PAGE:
A HINDU AND BRITISH FUSION WEDDING

A HINDU AND BRITISH FUSION WEDDING

Multicultural weddings: A Hindu & BRITISH Fusion Wedding

Read Will’s account of his and Sonam’s beautiful multicultural wedding

A HINDU AND BRITISH FUSION WEDDING
In a recent blog about planning a multi-cultural wedding, we highlightd many of the areas to consider when deciding which parts of your cultures to include in the ceremony.

Will has shared his thoughts on his planning journey as he planned his Hindu/British wedding.

After getting engaged to Sonam, I suspected that our initial future would stressful yet exciting. Yet of course, worth it in the end.

Having an inter-racial relationship can bring up some hurdles, with marriage, in all likelihood, the largest one to overcome. I was very fortunate that Sonam‘s family were welcoming. Thus, despite a few roadblocks on the way we made it to a wedding and beyond!

A HINDU AND BRITISH FUSION WEDDING - multi cultural weddings
Photo credit: Wilde Photography

Our Hindu Ceremony

When planning our wedding, I knew that it was important that we honour both our cultures. So we had a religious component as well as the civil ceremony. My wife is Hindu and I respect her beliefs whilst I consider myself to be an atheist/humanist. We agreed straight away that we would have a blessing at the Hare Krishna Temple in Watford Then a civil ceremony at another venue. Initially we wanted a small wedding with close-knit family/friends.

Hindu wedding ceremony - multicultural weddings


We were also aware that, as Sonam was the first to be married amongst her siblings, then a fuller, traditional religious ceremony may be in order.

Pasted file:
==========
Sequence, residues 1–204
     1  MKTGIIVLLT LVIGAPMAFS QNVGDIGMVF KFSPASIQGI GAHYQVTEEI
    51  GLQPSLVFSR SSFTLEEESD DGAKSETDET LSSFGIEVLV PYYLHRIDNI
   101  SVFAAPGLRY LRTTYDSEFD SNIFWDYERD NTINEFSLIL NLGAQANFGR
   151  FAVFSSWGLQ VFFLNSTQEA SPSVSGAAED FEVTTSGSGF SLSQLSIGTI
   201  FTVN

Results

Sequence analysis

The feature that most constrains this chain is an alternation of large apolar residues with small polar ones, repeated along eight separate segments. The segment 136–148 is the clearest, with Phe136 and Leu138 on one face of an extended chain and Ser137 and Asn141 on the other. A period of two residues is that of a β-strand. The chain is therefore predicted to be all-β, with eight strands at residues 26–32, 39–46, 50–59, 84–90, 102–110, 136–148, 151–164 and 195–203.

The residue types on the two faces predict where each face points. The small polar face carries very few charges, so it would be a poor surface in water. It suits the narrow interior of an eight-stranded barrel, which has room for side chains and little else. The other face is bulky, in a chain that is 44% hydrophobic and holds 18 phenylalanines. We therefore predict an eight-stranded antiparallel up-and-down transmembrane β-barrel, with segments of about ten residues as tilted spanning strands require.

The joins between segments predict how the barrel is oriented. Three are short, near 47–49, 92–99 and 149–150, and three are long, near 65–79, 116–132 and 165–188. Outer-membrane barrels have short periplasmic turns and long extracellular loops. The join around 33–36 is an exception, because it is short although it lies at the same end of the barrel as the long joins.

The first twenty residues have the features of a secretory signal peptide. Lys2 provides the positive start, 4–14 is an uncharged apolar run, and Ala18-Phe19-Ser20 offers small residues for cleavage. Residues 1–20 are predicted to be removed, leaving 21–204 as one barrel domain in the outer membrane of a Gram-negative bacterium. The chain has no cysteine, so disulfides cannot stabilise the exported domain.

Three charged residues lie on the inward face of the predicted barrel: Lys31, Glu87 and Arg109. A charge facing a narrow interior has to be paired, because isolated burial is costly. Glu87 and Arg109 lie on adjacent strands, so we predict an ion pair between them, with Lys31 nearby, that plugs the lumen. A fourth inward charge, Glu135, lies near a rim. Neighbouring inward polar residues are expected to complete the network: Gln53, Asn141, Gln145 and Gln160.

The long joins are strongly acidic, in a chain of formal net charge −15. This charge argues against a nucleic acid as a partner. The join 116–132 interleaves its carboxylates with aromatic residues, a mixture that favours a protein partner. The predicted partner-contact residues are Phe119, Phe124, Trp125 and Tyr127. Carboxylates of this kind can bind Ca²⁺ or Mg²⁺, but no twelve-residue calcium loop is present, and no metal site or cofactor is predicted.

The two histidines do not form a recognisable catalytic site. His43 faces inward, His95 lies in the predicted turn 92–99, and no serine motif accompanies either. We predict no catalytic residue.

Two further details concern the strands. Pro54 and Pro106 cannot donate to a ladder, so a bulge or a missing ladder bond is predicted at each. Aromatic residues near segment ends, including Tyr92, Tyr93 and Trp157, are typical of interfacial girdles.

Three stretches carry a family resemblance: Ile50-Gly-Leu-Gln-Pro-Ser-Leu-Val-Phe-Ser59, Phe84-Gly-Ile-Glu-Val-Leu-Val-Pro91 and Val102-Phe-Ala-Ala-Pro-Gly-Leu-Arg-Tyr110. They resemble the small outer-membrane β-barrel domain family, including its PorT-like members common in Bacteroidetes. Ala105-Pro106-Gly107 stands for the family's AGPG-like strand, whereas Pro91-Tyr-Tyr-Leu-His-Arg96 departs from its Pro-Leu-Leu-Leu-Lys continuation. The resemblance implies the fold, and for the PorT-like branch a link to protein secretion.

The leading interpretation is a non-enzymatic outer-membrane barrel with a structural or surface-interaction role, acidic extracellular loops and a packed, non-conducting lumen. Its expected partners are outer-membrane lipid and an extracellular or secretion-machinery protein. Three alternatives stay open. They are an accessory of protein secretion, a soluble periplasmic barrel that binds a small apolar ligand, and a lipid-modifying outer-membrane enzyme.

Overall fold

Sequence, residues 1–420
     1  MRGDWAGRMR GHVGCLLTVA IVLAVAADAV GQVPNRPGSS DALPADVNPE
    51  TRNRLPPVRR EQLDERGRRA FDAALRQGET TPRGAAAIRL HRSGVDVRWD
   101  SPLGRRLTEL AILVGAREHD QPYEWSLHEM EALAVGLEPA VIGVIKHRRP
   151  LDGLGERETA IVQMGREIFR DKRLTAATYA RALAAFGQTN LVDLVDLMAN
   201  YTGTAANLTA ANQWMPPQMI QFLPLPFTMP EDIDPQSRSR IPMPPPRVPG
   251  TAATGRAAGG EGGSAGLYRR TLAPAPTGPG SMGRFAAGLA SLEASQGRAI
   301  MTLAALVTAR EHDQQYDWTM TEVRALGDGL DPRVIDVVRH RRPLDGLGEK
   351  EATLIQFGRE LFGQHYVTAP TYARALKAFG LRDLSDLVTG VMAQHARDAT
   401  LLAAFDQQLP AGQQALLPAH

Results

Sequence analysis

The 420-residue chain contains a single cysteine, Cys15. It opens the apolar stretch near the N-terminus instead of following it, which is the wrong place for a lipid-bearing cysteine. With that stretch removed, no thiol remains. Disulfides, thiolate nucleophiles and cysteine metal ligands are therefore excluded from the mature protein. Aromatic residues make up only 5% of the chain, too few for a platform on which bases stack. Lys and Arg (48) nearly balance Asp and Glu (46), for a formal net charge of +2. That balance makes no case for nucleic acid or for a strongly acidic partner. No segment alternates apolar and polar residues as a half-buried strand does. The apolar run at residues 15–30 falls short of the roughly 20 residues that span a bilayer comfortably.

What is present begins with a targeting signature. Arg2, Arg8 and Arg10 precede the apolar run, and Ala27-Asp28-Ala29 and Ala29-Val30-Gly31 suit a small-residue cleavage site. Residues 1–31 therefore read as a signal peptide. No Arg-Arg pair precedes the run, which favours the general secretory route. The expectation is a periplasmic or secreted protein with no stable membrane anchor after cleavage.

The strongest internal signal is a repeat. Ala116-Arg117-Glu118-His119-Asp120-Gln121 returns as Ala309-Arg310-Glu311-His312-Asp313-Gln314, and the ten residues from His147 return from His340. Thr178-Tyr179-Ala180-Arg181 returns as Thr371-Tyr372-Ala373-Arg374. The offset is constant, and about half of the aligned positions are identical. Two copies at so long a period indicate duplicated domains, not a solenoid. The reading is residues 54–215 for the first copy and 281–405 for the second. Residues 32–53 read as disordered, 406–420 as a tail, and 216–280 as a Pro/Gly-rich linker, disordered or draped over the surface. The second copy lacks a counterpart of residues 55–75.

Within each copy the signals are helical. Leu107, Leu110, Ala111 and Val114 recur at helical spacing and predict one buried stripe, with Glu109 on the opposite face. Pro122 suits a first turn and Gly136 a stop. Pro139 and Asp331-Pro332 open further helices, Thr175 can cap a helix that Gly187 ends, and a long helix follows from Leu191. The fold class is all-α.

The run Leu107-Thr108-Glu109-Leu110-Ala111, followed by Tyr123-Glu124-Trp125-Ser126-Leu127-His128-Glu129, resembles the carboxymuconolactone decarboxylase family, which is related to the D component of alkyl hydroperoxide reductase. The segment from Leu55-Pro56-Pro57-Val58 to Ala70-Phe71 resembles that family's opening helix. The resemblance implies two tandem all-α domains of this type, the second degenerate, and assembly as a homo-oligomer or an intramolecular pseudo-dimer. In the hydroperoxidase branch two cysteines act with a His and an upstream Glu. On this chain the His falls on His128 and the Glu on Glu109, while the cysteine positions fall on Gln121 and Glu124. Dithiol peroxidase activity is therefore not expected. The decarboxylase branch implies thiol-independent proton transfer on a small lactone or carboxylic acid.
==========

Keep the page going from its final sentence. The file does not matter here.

The Hindu ceremony was something that was brand new to me. I had never been to any type of Asian wedding. Therefore I only had ‘the internet’ and the experiences of a couple of friends to help me. In terms of the planning, this was looked after by Sonam‘s family – from the clothes (I wore an indian suit) to the ceremony. I didn’t mind this, as it meant that everything was done in the correct and respectful manner.

Wedding Preparation

I had simple wedding preparation: get dressed and turn up. I didn’t get to see all of Sonam‘s preparation – much more involved over multiple days. One thing we both chose was the venue, which was perfect! The day was an incredible experience that introduce my family to another culture and focused on the joining of our two families.

When planning this part of the wedding the two of us met with a wedding planner. She such a tremendous help in guiding us to customise and design the wedding.

Our civil ceremony

This second day of our wedding comprised a traditional British civil ceremony. We chose our vows, the music, the colour theme, food and entertainment.

Sonam and her parents chose The Pinewood Hotel as our venue.

We kept our vows traditional, along with wedding speeches by the Father of the Bride, Best Man and Groom.

Sonam and Will at their civil ceremony

Our wedding breakfast

For our wedding breakfast we enjoyed a three-course meal that we followed with an evening reception. It was a somewhat one-sided guest list though – with most of the guests being Indian we opted for Indian food from a caterer.

I had more involvement in the arrangements for our second day of celebrations: the civil ceremony. I chose the mens’ suits and the colour scheme. I also chose our wedding songs and spent days planning and rehearsing my speech. I spent a great deal of time thinking about making everything as meaningful as possible. This was very important to me – I’m only going to do this once!

Joint decisions

I always knew that co-habiting before we married was never an option. I knew too that I had to be with her for quite some time before I proposed.

I always had great respect for her culture and her family so we never considered living together before we got married. This wasn’t always easy – we had stress, arguments and issues. But our marriage made all that worthwhile.

We took decisions together and did everything with a shared focus on starting a life together.



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